As a veterinary technician, Tabitha Kucera fielded many questions over the years about community cats and Trap-Neuter-Return (TNR) from clients at the Ohio clinic where she worked. Locals also reached out to Kucera on social media, where she had been advocating for TNR. Even many of her fellow veterinary professionals weren’t familiar with the practice. She began to wonder if anyone in the Cleveland area had been educating people about TNR.
That’s when this idea hit: “No one knows about TNR,” she recalled thinking. “I’m just going to go lecture about it.”
With her boundless drive and enthusiasm, Kucera set out to expose myths and change attitudes. She spent hours and weekends creating a PowerPoint presentation based on Alley Cat Allies’ and other groups’ resources, booking rooms at local libraries, and handing out flyers to promote her talks. She also set up lectures for the veterinary community, inviting people she knew and reaching out to clinics.
Her mission to educate people and advocate for cats didn’t stop there. Kucera became a member of Alley Cat Allies’ Feral Friends Network to serve as a resource for people in her community. She attends city council meetings to explain to elected officials that TNR benefits the community. She talks with animal shelters about how TNR would reduce their intake of cats and save cats’ lives.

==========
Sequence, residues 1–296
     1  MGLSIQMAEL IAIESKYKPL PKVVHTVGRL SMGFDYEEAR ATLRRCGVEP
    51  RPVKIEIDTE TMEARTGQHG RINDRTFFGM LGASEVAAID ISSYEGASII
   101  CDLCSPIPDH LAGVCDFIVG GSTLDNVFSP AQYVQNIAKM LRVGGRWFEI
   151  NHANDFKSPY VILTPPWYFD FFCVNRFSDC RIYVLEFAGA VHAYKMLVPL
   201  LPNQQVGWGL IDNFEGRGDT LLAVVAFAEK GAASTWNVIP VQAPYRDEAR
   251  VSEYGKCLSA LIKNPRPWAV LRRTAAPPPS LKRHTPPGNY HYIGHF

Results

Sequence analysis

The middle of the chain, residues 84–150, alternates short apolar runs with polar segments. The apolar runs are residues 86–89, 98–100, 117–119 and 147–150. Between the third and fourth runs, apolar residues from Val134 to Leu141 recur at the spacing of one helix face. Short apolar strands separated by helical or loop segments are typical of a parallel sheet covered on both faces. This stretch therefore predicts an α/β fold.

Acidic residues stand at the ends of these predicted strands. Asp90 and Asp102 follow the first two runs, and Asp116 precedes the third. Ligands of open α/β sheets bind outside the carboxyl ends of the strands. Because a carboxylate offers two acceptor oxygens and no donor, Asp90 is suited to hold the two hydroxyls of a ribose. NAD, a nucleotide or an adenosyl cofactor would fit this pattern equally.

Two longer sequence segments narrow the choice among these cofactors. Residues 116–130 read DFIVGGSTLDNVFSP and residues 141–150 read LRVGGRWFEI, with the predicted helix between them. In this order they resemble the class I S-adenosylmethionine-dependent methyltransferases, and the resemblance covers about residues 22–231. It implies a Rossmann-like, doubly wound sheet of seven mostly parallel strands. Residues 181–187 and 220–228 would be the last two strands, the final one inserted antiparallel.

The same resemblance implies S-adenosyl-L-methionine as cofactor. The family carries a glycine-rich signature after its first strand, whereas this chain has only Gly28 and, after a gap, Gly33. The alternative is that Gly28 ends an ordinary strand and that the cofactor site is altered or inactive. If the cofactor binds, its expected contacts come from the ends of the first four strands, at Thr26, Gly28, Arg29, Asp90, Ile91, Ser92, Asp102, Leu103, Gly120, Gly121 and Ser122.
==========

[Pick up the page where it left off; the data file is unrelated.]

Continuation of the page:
“Most people are against the killing of cats. It’s just getting the education out there, especially to veterinary professionals,” she says. “Veterinary professionals tend to be the go-to [people] for animal education.”
Kucera says she learned about TNR after she began working as a veterinary technician and became interested in how she could help outdoor cats. Her first TNR experience was about six years ago when she helped a friend trap an outdoor cat using Alley Cat Allies’ resources. After that, she was hooked.
“I kind of got engulfed in it,” she says. “Alley Cat Allies was one of the first resources I was exposed to.”
Kucera also developed an interest in cat behavior while working as a veterinary technician. She began to realize that many clients at the veterinary clinic didn’t understand their cats’ behavior or body language. Too many cats didn’t stay in their homes, or were euthanized, because behavioral and medical issues were misdiagnosed or misunderstood.
Now Kucera, a certified cat behavior consultant, has her own cat behavior consulting business, Chirrups and Chatter. She also attained Fear Free and Low Stress Handling certifications, which enable her to recognize and alleviate fear and anxiety in animals. She says her certifications have helped her to better understand her feline patients, which makes them more comfortable and calm and less fearful and stressed.
Her certification as a cat behavior consultant, and her eight years as a veterinary technician, give Kucera a unique perspective that helps to educate others.
“Learning how to do TNR is important,” she says, “but it’s also important to teach others how to break stereotypes.”